It squeezed.

    As he tried to draw breath the creature—as thick as a feeder-pipe—contracted around him again. A forked tongue flickered at him.

    With his free hand he grabbed the creature's neck just below its head and tried to pull it away from him, to throttle it, as it was throttling him. The creature was winning, when Lani came running up. She calmly put her weapon against his clutching hand and fired upwards through its skull.

    The cracking coils spasmed briefly and painfully, and she helped him to push it away. He sat down, drawing air into his lungs, hauling the heavy scaled creature away from his body. John squirmed out of the coils, panting and sat next to him.

    "Now, what sort of livestock is this?" asked Lani, kicking it. "Beef? Lamb? If you ask me, growing them in a nutrient vat is much safer, even if you don't like the taste as much."

    "It's a huge snake. A serpent." He was shocked and shaken by all of this, but even if he'd never seen it, he knew that much from the holy book. "Don't eat any apples it offers you. Maybe this is Eden."

    "I don't think so," said Amber. She had her portable computer out. "Look. I can't hook up to the dataweb here, but I have found that there is an onboard encyclopedia. Looks as if that thing was an anaconda. From South America. Not Eden."

    "Perhaps South America was in Eden, then? Or Eden was in South America? It was lost you know when man was driven out of it." Howard was reluctant to abandon the idea. It would be something to return home and tell them he'd found Eden. He stood up.

    "Come and sit down over there for a bit, you two. We still need some rest, and I really get the feeling that you shouldn't wander off on your own here," said Lani, kicking the snake again. "Or do you think its owner is going to come demanding compensation? I'll give him compensation…" She pointed the gun. "That thing could have hurt you."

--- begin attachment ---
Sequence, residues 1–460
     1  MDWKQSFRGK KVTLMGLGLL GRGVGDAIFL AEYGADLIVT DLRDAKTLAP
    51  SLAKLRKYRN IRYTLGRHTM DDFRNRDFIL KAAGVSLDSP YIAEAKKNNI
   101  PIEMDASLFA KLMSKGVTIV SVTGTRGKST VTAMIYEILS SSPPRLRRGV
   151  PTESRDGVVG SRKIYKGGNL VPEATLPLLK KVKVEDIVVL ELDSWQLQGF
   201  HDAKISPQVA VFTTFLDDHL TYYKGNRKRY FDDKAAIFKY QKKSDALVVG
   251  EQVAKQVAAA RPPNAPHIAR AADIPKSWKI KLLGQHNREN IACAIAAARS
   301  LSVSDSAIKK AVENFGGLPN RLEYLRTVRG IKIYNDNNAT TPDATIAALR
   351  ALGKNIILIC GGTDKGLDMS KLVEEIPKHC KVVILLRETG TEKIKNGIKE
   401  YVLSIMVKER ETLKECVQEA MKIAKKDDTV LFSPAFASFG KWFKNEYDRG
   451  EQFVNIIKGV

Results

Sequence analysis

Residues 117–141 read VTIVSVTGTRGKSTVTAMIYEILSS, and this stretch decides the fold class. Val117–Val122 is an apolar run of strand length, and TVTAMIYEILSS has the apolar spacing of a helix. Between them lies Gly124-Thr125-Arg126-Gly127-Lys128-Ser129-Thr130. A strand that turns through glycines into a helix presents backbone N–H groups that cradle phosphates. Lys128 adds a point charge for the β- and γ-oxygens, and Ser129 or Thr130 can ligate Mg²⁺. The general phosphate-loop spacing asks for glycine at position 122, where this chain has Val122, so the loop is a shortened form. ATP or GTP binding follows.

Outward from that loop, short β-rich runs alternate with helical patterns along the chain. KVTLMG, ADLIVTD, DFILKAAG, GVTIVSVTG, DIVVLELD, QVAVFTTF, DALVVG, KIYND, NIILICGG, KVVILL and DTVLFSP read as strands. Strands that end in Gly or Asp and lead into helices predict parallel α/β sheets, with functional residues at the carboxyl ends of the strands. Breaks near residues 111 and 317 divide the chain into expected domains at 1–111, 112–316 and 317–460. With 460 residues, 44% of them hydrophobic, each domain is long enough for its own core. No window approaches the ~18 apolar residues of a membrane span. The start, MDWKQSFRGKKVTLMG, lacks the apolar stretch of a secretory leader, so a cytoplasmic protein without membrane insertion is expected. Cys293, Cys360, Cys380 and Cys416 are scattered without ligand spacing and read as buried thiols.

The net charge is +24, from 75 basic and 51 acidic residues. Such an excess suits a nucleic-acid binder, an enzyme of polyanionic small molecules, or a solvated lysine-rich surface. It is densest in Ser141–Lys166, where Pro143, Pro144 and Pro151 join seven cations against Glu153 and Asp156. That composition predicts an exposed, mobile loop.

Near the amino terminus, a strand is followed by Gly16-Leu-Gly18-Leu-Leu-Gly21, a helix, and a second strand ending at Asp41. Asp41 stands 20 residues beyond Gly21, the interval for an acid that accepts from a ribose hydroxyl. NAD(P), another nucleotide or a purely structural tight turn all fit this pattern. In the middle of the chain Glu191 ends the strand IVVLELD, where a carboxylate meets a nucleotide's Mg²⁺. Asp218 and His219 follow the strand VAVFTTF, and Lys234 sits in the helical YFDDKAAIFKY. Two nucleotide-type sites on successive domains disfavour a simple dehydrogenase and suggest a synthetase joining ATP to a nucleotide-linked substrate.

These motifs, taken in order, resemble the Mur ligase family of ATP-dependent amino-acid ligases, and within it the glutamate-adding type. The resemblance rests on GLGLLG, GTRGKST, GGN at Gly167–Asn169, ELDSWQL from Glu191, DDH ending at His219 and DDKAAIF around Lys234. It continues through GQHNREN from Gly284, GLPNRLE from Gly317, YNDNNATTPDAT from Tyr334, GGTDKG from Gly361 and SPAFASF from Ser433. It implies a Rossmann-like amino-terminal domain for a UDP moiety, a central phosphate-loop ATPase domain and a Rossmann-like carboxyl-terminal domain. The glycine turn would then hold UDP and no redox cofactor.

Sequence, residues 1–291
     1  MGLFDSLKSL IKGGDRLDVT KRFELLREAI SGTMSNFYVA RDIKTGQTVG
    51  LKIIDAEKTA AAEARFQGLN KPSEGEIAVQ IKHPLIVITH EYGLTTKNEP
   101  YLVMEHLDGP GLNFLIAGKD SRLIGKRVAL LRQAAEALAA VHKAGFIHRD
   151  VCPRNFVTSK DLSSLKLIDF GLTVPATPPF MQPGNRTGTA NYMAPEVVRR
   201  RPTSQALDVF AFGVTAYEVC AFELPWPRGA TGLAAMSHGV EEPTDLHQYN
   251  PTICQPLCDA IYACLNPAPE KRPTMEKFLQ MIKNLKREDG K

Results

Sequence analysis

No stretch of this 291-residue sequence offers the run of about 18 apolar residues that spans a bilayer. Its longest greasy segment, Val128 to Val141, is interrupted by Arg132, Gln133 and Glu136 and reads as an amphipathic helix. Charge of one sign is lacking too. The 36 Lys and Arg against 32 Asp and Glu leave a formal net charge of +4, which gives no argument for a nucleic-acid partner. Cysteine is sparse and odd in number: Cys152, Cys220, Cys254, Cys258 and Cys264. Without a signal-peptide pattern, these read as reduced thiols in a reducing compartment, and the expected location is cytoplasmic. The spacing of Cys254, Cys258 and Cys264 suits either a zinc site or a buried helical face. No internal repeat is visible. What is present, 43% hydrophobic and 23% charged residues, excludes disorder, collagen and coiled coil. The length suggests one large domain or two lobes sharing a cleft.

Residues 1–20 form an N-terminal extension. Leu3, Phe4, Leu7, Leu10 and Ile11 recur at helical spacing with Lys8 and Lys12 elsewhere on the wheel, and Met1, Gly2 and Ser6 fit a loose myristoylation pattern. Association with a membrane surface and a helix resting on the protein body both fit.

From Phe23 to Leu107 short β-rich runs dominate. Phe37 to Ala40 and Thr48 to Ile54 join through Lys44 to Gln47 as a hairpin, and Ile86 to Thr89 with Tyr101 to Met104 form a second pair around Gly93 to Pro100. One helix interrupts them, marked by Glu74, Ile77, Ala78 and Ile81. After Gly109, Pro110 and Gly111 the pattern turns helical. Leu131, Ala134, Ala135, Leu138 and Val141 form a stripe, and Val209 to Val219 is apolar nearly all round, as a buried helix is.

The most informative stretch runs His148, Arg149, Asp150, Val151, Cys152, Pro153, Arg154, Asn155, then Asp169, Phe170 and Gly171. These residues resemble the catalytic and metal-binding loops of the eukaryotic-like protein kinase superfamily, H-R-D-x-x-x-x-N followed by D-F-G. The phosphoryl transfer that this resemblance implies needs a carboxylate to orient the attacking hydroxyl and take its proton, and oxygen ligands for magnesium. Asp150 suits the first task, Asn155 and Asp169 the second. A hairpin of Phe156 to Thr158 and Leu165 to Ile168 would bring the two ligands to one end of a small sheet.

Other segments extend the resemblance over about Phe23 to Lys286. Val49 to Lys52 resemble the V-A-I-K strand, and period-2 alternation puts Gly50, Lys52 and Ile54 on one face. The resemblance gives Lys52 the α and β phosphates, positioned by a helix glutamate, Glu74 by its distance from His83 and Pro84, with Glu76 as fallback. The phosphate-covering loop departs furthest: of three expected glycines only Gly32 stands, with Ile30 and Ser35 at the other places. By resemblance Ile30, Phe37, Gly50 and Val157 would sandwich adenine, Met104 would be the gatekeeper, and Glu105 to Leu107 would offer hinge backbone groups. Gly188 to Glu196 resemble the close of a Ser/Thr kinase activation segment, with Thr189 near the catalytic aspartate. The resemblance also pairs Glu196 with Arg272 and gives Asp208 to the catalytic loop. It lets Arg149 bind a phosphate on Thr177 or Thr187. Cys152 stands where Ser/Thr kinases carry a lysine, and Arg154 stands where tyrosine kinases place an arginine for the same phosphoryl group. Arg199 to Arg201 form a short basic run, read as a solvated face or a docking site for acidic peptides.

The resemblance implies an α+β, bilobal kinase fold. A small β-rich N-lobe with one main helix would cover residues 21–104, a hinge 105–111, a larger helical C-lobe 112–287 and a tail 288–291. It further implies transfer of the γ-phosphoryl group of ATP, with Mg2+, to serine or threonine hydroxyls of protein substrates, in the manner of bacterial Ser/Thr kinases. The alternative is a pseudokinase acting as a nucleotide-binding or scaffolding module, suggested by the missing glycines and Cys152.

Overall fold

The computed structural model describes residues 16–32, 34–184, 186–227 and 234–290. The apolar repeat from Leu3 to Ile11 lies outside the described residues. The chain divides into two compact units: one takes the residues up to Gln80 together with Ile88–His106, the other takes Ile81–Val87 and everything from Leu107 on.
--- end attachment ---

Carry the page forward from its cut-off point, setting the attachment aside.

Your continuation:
Even if he didn't approve of violence, it was hard to disagree entirely with her. Howard went to sit on the grass. Looking carefully, he could see something had been cropping it.

    "What are these black things?" Lani held them up to him.

    "Goat droppings. Well," he corrected himself, in the light of his recent experience, "droppings from an animal possibly something like a goat." That was obviously what had been doing the cropping.

    "Droppings?" she looked at him in puzzlement and sniffed the black ovoid objects. "Poo." She wrinkled her nose.

    "Uh, yes. Dung."

    That was plainly another word that had been lost from Diana's vocabulary. "What?" Lani peered at them, wrinkling her nose.

    "He means excretion. Shit," supplied Amber.

    Lani dropped the droppings as if they were burning hot. Looked around and raced to the stream, ignoring the dead snake, and washed her hands frantically.

    "Can't they be taught to use bathrooms?” she said crossly to Howard. “If that's what they do all over the place they deserve to be eaten!"



    The problem was that they just couldn't keep going in the same direction. There was water everywhere. A few hundred yards on from where Howard had proved that, if this was Eden, it still had its serpent, they came to a lake—again. This was quite a narrow one, barely thirty yards wide. "We can't just keep going back. We've got to cross it," said Howard. "I'll go first. I can swim."

    He stepped into the water. A black drifting log in the middle… submerged suddenly. Amber grabbed his shoulder and hauled him back. "Don't." She said. "I looked up dangerous South American animals…" Part of the black log came up, much closer to them. It had eyes. Curiously flecked eyes—about six inches apart. Evil eyes. Hungry.

    "I think we need to back away from the water," Howard said in a steady voice. "Don't run." Running was the worst thing you could do with Jersey bulls… and this creature looked even nastier.

    They retreated. Gradually the whole “log” surfaced too. It must have been four or more yards long, ridged and spiked. Amber pointed to her portable. "I think it is a black cayman. See."

    The onscreen picture included teeth.